Ballmer Sees Google, Open Source as Strongest Competitors

By Peter Galli  |  Posted 2006-05-11 Print this article Print

Microsoft's CEO says the company faces many competitors across different parts of its business, citing open-source and advertising business models as two big phenomena.

SANTA CLARA—Alternative business models, like that of Linux and open source and Google's advertising model, pose the greatest competitive challenge to Microsoft, CEO Steve Ballmer said May 11.

Addressing an audience of several hundred members at an event jointly hosted here by the Churchill Club and the Commonwealth Club, Ballmer said the Redmond, Wash.-based software giant faces many competitors across the many different parts of its business.

But there are two big phenomena going on: the new open-source and advertising business models.

Open source is more about whether that is a business model that delivers superior innovation than a commercial company can deliver.

"So, there is competition with this new business model; there was also competition with the new advertising business model [embraced by Yahoo and Google]," he said.

While Microsoft can't embrace the open-source business model, it has embraced the new advertising one and wants to grow to the No. 1 market position in that space from its current No. 3 spot.

Click here to read more about why Microsoft CEO Steve Ballmer has set his sights on search.

"The greatest competitive threat we face is our own ability to either embrace or compete with alternative business models," Ballmer said.

When asked by moderator Roger McNamee, the co-founder of Elevation Partners, to choose between IBM or open source as the threat he most worries about, Ballmer quipped that IBM is then no longer in the game.

Open source is a good-old fashioned engineering competitive threat, he said, and has managed to dominate in several markets.

Microsoft needs a better high-performance clustering product than Linux, and is working hard in this regard, with "a better product and a total cost of ownership being the key," he said.

Read more here about Linux allies' response to Microsoft's "Get the Facts" campaign.

"While it is hard to beat open source on the initial procurement side, it is easy to compete on the total cost of ownership front," he said.

Read the full story on eWEEK.com: Ballmer Sees Google, Open Source as Strongest Competitors

Peter Galli has been a financial/technology reporter for 12 years at leading publications in South Africa, the UK and the US. He has been Investment Editor of South Africa's Business Day Newspaper, the sister publication of the Financial Times of London.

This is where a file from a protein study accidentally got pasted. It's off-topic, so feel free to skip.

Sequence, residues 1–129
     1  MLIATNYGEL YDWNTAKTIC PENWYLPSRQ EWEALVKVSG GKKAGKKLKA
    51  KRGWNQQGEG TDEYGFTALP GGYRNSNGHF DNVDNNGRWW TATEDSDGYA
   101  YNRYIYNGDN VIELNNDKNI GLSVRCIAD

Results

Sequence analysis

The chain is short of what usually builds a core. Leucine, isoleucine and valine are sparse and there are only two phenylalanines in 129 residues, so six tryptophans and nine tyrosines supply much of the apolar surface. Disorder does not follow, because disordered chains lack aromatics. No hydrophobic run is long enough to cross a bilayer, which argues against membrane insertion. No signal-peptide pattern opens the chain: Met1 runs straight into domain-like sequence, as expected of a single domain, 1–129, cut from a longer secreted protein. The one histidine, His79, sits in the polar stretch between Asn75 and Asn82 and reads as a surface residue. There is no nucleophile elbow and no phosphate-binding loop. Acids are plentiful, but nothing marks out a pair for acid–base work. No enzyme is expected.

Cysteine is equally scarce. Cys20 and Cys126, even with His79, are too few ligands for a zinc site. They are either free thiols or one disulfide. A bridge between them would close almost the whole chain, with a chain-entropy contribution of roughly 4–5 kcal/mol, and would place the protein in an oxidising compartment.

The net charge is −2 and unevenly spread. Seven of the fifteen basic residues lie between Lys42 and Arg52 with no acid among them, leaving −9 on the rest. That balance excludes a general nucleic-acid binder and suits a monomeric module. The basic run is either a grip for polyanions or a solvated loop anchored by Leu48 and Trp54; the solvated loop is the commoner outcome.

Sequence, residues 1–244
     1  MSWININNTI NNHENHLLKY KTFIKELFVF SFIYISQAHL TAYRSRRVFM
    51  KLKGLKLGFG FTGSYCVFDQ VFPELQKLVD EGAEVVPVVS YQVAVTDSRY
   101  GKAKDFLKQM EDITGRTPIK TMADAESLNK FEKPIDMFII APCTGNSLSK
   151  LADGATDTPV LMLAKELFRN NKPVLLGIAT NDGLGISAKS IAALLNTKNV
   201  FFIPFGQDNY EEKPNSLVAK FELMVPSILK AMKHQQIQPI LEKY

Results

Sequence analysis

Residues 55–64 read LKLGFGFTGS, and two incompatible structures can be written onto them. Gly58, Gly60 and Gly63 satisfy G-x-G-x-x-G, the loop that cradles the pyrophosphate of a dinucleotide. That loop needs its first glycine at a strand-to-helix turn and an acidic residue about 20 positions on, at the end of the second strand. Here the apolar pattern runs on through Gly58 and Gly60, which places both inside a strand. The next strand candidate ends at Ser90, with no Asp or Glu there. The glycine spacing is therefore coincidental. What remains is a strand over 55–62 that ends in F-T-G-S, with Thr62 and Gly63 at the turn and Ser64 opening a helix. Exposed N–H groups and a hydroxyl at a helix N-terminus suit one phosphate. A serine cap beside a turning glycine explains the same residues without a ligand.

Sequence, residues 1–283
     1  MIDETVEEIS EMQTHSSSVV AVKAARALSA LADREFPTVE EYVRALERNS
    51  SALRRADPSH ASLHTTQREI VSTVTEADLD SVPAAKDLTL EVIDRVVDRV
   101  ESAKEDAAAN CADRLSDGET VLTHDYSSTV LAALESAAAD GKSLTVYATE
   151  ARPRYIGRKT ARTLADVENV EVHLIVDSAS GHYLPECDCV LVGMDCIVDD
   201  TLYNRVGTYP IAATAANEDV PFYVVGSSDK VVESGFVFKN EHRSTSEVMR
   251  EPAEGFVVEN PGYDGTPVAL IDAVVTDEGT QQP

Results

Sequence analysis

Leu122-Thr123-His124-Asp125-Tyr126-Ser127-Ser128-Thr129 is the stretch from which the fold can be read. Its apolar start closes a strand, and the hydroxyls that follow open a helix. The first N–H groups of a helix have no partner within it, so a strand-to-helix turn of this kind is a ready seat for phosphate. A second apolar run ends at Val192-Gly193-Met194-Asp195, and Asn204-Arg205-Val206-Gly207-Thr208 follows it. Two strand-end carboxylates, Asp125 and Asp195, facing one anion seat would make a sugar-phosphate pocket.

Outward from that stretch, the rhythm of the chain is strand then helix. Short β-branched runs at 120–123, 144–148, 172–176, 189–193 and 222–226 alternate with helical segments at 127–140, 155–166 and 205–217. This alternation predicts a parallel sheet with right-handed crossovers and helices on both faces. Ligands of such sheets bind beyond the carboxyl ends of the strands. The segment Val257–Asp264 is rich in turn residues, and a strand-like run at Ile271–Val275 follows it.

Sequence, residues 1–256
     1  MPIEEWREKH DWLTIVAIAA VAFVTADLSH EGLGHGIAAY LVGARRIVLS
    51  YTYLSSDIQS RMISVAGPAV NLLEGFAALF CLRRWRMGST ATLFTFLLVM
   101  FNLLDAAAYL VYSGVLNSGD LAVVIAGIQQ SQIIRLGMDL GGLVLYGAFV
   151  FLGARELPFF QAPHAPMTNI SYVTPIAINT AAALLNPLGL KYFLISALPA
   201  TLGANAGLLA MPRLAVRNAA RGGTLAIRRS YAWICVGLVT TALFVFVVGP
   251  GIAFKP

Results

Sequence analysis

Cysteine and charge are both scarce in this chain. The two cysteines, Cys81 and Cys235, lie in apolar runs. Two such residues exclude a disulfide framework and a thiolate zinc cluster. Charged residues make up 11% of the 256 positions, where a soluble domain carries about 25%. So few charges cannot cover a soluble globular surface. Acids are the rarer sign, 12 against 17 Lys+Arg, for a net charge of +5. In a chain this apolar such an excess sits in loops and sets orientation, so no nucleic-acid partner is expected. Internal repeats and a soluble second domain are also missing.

He was also Group Financial Communications Manager for First National Bank, the second largest banking group in South Africa before moving on to become Executive News Editor of Business Report, the largest daily financial newspaper in South Africa, owned by the global Independent Newspapers group.

He was responsible for a national reporting team of 20 based in four bureaus. He also edited and contributed to its weekly technology page, and launched a financial and technology radio service supplying daily news bulletins to the national broadcaster, the South African Broadcasting Corporation, which were then distributed to some 50 radio stations across the country.

He was then transferred to San Francisco as Business Report's U.S. Correspondent to cover Silicon Valley, trade and finance between the US, Europe and emerging markets like South Africa. After serving that role for more than two years, he joined eWeek as a Senior Editor, covering software platforms in August 2000.

He has comprehensively covered Microsoft and its Windows and .Net platforms, as well as the many legal challenges it has faced. He has also focused on Sun Microsystems and its Solaris operating environment, Java and Unix offerings. He covers developments in the open source community, particularly around the Linux kernel and the effects it will have on the enterprise.

He has written extensively about new products for the Linux and Unix platforms, the development of open standards and critically looked at the potential Linux has to offer an alternative operating system and platform to Windows, .Net and Unix-based solutions like Solaris.

His interviews with senior industry executives include Microsoft CEO Steve Ballmer, Linus Torvalds, the original developer of the Linux operating system, Sun CEO Scot McNealy, and Bill Zeitler, a senior vice president at IBM.

For numerous examples of his writing you can search under his name at the eWEEK Website at www.eweek.com.


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